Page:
In parts of Canada including Ontario, Guinness is available as an import, canned or draught, and locally-made brew. The local one, from Labatt (Anheuser-Busch InBev), is Extra Stout, a form Guinness Dublin has long exported to the United States and the U.K.
Interestingly, the Canadian Guinness is also sold in some U.S. states, but in different channels than the import Guinness.
The first Guinness I ever had was the Labatt version, some 45 years ago in Montreal. The second was Extra Stout as exported to the U.S. Both had a strong characteristic flavour, with an edge in richness and character to the Dublin import.
In contrast, the imported draught, which I also first tasted back then, seemed rather milder – and not much changed today, in fact.
Tasting the Labatt Extra Stout again after a hiatus, it seems reduced in character from the 1970s. While quite pleasant on its own terms, the stout “character” was hard to detect. Although I did drink it quite cold.
I’ll try it again warmer, but I think a porter or stout should have a frank characteristic taste at any temperature.
In its favour was a good body – better than the import, IMO – and interesting dryish/acidic finish. It’s not so much a roasted (burnt, charred, etc.) taste as a drying one, if that makes any sense.
Guinness apparently still relies on “Guinness flavour extract” to impart the Guinness character to a local pale brew. The essence is exported around the world to this end.* Bill Yenne in his Guinness history explained it in fairly non-technical terms, see here.**
The main difference, today, from the canned “Pub Draught” and barrelled import seems to be carbonation. Extra Stout has a full, fizzy character, probably all-CO2 driven. The others have a restrained, nitrogen-influenced carbonation that derives from the pre-1960s, naturally-conditioned or “real ale” era.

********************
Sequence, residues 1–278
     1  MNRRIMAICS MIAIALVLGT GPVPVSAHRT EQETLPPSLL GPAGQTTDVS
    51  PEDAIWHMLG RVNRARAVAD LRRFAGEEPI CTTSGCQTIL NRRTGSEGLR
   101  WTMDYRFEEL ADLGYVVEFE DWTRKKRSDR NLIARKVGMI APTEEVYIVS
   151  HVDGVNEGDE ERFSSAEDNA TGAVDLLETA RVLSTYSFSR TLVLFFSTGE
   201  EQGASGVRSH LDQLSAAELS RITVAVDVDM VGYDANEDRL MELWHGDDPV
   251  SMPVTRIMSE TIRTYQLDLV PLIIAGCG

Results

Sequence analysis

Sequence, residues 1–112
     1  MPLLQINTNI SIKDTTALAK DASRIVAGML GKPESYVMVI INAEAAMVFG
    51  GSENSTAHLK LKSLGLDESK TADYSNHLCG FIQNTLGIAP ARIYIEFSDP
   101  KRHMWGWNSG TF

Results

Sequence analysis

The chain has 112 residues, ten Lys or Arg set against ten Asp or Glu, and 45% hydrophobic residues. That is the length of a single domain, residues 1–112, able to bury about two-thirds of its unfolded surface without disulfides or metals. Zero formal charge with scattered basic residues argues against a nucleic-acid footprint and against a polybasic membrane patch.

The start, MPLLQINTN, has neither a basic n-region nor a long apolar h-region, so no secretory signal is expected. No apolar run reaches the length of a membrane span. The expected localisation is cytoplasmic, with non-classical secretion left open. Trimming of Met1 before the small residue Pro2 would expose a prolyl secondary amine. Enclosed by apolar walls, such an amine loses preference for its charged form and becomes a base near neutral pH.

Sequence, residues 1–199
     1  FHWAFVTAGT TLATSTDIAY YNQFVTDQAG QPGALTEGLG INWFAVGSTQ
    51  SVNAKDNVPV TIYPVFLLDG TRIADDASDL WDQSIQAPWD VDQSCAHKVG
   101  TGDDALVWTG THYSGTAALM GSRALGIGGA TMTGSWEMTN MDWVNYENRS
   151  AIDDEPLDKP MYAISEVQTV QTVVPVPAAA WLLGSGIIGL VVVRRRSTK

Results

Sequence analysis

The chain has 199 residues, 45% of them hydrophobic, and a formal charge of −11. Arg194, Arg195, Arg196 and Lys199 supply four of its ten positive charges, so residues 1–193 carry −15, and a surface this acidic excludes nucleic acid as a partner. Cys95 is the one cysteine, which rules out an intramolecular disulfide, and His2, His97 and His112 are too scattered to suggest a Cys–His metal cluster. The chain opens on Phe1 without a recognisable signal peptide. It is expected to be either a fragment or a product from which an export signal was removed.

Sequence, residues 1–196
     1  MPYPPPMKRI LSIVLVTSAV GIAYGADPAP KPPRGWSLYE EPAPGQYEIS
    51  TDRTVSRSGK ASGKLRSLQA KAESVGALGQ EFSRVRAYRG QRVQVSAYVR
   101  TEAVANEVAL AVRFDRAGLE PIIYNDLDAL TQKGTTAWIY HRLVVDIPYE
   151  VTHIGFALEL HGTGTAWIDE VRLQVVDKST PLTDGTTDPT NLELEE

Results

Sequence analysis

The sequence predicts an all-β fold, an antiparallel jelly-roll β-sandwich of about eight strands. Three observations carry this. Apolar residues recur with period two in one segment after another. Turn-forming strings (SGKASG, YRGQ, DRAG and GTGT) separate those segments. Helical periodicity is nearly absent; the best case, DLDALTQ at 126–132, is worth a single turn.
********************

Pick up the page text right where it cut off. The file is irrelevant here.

So where does it leave me with five beers to go in the pack? Actually, I’m chill, although the second one to taste won’t be – more around cellar temp, let’s say. The last four will be put to good use in home blending.
As always I have a variety of stout and porter of different strengths and origins – local craft, import, etc. I like to blend them to get the kind of taste and strength I like. For example, 10-15% bourbon barrel Imperial stout can add a lot to a 5% ABV porter, or a mix of them.
A mild-tasting beer such as Labatt Guinness can work well to smooth out a blend of flavours, or to reduce the alcohol level.
This often can produce something better than the parts – so Beer et Seq judges. And who can gainsay that?
*I could ask Labatt or Diageo, but my interest is not that acute. If Guinness Foreign Extra Stout and the newer Guinness stout iterations were sold here, I’d be much more interested. It is a sticking point with me that these are not available in Ontario.
**For the more detail-oriented, David Hughes’ “A Bottle of Guinness Please” is indispensable.